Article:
Interstellar

Year of Release: 2014     Directed by Christopher Nolan. Starring Matthew McConaughey, Jessica Chastain, Anne Hathaway, Michael Caine, and Mackenzie Foy.

Since I never published anything here, I figured there was no time like the present to share my thoughts on Interstellar, a bold and beautiful piece of filmmaking that regrettably stumbles a bit towards the end.

For anyone who does not know the premise of Interstellar, it is as follows. When the future of the earth is severely threatened with dust storms and famine, former NASA scientist and now corn famer Cooper (Matthew McConaughey) is chosen to lead a team of astronauts into space to search for a new planet on which mankind can survive. Staunchly opposed to this mission is Cooper’s daughter Murph (Mackenzie Foy who grows up into Jessica Chastain), who fears she will never see her father again. Whether he succeeds, whether he returns home, and whether he sees his daughter again all take second place to the dazzling special effects and complex world building, until Nolan decides to shift gears in the final hour.

(Mild spoilers in the next paragraph; skip to the following one if you don’t want the ending hinted at.)

In response to the more disappointing aspects of Interstellar, I came up with a snarky dismissal which is unfair to the film’s ambition, scope, and stunning visuals, but it does convey my biggest problem with Interstellar. So here goes: apparently, it takes three hours and a black hole to accomplish what you can accomplish in five minutes with weeping angels and a TARDIS. Also, the main theme of the movie can be summarized more succinctly and just as thoughtfully by a famous Beatles’ song.

Okay, now that I’ve gotten that out of the way, I really did like Interstellar. A lot, actually. It is undoubtedly Nolan’s most ambitious film to date, and to watch him reach for the stars is breathtaking. The first hour and 45 minutes were just short of sublime, and I was thoroughly captivated by the stunning imagery, Cooper’s quest, and the dynamics between him, his daughter, the head of NASA (Michael Caine), and his fellow astronauts (led by Anne Hathaway). The relationships don’t rise that far beyond those of the standard Hollywood blockbuster. The eventual outcome of the mission is kind of obvious, and there is a big twist that I found easy to predict, but none of that bothered me. I was completely sold on the film.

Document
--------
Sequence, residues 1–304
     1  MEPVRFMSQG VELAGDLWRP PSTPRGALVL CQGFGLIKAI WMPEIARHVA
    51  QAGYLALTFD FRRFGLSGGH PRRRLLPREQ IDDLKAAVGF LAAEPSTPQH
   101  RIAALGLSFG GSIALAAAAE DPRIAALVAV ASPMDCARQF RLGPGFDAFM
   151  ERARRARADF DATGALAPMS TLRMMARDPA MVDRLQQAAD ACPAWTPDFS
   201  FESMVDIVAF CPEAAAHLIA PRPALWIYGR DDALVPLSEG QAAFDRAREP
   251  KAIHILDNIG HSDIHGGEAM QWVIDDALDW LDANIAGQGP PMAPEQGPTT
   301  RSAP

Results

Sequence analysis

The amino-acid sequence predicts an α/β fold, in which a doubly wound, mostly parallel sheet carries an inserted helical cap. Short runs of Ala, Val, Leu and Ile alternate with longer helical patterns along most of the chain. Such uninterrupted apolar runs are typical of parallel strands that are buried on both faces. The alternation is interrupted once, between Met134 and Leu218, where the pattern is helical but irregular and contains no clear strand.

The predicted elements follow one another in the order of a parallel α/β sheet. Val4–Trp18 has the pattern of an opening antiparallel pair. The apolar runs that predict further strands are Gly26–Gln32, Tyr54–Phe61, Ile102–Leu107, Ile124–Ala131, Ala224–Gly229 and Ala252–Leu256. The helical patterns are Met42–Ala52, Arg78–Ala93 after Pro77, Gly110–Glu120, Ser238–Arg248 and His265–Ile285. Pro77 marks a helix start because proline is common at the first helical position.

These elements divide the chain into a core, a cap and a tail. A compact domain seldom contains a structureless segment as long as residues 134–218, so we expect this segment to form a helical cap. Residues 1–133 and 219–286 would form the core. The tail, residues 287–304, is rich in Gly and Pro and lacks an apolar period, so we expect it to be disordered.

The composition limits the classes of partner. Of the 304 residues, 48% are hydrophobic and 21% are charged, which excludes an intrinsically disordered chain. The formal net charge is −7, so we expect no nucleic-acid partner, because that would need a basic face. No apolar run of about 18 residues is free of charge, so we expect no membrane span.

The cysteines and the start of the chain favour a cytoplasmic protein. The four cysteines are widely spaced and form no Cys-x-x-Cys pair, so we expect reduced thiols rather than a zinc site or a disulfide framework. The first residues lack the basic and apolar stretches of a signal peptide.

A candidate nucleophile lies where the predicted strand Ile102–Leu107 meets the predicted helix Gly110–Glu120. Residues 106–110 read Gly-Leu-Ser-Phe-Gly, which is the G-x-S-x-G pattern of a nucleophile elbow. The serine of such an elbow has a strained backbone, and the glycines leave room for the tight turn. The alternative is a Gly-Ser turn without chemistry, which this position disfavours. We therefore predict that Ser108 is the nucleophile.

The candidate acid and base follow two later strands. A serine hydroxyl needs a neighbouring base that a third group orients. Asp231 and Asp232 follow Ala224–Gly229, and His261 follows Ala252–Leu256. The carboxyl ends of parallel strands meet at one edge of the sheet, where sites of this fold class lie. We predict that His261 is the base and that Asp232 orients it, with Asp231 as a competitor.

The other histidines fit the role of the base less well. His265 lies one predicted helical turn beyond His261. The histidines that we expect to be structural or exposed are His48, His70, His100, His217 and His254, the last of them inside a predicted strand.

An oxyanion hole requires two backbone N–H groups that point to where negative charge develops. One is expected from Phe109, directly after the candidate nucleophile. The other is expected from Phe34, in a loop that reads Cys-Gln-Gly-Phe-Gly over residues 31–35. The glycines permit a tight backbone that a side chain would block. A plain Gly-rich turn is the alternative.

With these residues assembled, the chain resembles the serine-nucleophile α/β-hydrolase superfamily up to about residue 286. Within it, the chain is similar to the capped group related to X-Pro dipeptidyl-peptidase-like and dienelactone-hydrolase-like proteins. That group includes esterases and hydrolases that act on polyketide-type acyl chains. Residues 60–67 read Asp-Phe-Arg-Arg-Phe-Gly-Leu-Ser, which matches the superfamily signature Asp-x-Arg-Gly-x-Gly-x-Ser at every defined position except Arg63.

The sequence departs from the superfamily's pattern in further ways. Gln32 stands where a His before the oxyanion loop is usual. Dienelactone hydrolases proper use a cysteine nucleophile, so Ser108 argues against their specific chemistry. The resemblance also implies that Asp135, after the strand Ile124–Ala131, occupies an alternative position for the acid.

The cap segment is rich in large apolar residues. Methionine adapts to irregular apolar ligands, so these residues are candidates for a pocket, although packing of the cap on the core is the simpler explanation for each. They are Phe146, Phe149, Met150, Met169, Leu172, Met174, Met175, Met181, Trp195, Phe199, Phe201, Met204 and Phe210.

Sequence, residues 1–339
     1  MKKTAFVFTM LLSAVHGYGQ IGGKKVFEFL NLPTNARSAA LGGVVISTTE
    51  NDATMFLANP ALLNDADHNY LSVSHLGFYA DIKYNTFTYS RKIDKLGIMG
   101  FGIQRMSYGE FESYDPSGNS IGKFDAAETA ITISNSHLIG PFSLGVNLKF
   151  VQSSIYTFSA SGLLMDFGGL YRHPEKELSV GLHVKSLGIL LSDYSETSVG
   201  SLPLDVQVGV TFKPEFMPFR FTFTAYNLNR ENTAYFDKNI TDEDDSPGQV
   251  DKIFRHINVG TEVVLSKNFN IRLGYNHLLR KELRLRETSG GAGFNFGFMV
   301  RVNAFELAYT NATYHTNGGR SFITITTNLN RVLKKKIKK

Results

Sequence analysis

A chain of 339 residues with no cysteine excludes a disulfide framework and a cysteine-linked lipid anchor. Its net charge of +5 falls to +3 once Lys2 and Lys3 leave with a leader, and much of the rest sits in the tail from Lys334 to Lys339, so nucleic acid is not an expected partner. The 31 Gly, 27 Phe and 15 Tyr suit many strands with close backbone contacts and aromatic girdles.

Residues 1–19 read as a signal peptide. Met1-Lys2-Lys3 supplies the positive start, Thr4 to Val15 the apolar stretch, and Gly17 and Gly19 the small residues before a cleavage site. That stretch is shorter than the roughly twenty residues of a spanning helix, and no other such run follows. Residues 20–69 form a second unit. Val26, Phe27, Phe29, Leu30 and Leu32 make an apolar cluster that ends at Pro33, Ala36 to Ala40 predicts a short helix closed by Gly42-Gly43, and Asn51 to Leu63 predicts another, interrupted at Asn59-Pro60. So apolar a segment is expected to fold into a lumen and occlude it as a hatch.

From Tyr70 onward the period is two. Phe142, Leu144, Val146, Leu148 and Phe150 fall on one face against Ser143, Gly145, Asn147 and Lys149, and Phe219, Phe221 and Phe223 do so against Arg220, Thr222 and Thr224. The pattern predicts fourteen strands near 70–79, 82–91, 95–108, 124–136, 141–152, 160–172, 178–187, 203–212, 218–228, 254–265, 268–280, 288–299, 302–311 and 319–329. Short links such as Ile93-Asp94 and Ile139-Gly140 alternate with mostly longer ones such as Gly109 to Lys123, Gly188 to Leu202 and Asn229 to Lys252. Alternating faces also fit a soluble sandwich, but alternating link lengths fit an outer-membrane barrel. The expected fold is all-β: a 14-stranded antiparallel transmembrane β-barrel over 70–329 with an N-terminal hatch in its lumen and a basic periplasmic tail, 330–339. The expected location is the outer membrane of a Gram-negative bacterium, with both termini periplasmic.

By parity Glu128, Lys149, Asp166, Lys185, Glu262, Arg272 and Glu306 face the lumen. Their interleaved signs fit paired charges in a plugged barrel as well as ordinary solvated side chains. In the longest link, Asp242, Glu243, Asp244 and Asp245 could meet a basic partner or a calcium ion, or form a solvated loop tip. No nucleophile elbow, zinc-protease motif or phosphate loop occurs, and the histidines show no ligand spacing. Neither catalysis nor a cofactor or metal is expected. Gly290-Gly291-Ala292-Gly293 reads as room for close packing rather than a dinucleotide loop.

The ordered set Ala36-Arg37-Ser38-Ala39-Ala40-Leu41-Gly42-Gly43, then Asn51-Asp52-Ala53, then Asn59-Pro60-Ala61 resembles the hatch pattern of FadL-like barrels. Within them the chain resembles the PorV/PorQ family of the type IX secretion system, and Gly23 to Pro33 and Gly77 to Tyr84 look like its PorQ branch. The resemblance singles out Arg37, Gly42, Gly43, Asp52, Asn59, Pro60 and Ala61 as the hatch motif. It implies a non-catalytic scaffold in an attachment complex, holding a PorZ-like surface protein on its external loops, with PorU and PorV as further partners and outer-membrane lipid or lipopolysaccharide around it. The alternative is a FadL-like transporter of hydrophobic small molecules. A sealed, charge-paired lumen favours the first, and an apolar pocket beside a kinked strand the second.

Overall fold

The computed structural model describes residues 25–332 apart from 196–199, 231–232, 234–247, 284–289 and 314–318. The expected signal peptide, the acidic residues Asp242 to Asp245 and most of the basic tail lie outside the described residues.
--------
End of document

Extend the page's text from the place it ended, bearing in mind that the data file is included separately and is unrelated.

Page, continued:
Then shortly before the two hour mark, it started to go off the rails. When Hathaway made a big, important speech, Nolan tried to leave behind the puzzle making and science fiction, and tackle emotional and spiritual themes which transcend all else. It didn’t work. The scenes are too forced, the dialogue is too on the nose, and the scenarios aren’t original enough to rise above generic conventions the way Nolan wanted to.

By no means is the last hour bad filmmaking, but it falls back on tired formulas after the first two hours had pushed forward boldly and beautifully. Still, I would pretty highly recommend Interstellar; its triumphs more than make up for its flaws. If the film failed to reach Saturn, it at least made it to Jupiter.

 

Content Advisory: Violence and peril, brief strong language.                       MPAA rating: PG-13

Suggested Audience: Teens and up.

Personal Recommendation: B

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